tentmaker uses this to order the statements within their category. A simple numeric sort is done on these values.


Indicates that the keyword can accept a list of values (or pairs of them if its type is pair). This only applies to types text, pair, and select. The others ignore it. See below for information about types.


Indicates that the statement can be repeated. Currently only data statements may be repeated to any useful effect. To contrast, multiple means that the single statement can take many values in a comma separated list, while repeatable means that the keyword itself may be used many times each timw with one or more values. Again, only data statements are repeatble.


You probably want to use this key if your keyword's type is pair. A two element array reference with the labels to display over the two input columns of keywords whose type is pair. Example:

    pair_labels => [ 'Name', 'Email Address' ],

Required for keywords of type pair.

Use this key for all pair keywords. Make it true if a pair is always required for the keyword and false if items may have only the first half of a pair (like author pairs where the name is in the hash key position and the optional email address is in the value position).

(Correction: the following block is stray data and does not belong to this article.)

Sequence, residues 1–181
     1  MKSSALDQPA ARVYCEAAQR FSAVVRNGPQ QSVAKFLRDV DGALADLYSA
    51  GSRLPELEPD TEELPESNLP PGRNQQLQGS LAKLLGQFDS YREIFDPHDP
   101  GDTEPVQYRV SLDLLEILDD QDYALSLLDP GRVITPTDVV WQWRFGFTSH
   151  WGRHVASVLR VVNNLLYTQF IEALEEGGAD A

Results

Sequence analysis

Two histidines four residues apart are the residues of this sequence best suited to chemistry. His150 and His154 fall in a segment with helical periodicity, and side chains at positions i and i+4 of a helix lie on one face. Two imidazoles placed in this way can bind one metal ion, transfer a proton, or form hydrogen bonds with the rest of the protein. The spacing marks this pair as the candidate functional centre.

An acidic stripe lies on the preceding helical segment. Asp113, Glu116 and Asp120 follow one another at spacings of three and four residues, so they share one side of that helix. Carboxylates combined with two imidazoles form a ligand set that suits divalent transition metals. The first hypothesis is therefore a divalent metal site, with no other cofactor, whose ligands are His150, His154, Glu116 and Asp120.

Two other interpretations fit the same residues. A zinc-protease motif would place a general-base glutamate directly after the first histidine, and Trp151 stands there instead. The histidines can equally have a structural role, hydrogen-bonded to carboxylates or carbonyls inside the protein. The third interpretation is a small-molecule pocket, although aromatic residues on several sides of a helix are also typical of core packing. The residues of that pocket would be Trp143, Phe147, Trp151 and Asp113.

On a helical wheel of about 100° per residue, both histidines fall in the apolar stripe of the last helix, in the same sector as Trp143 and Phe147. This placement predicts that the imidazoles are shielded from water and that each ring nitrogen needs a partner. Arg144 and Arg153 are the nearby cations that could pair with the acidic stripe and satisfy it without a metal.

Look for keywords of type pair for examples.


An array reference of hashes describing the options for the keyword. Use this only for keywords of type select. Example:

    options => [
        { label => 'User Sees This', value => 'internal_value' },
        { label => 'Hourly',         value => '24'             },

If you don't want a default, you should include a hash like this:

    { label => '-- Choose One --', value => 'undefined' },

The value 'undefined' is special to JavaScript. So, tentmaker will unset the value if you the user selects '-- Choose One --'.


Only applies to field keywords. Indicates that this keyword should appear in the Field Quick Edit box in tentmaker. Fields appear there in the same order they appear in the full edit expanding box. That order is controlled by the sort_order (see below).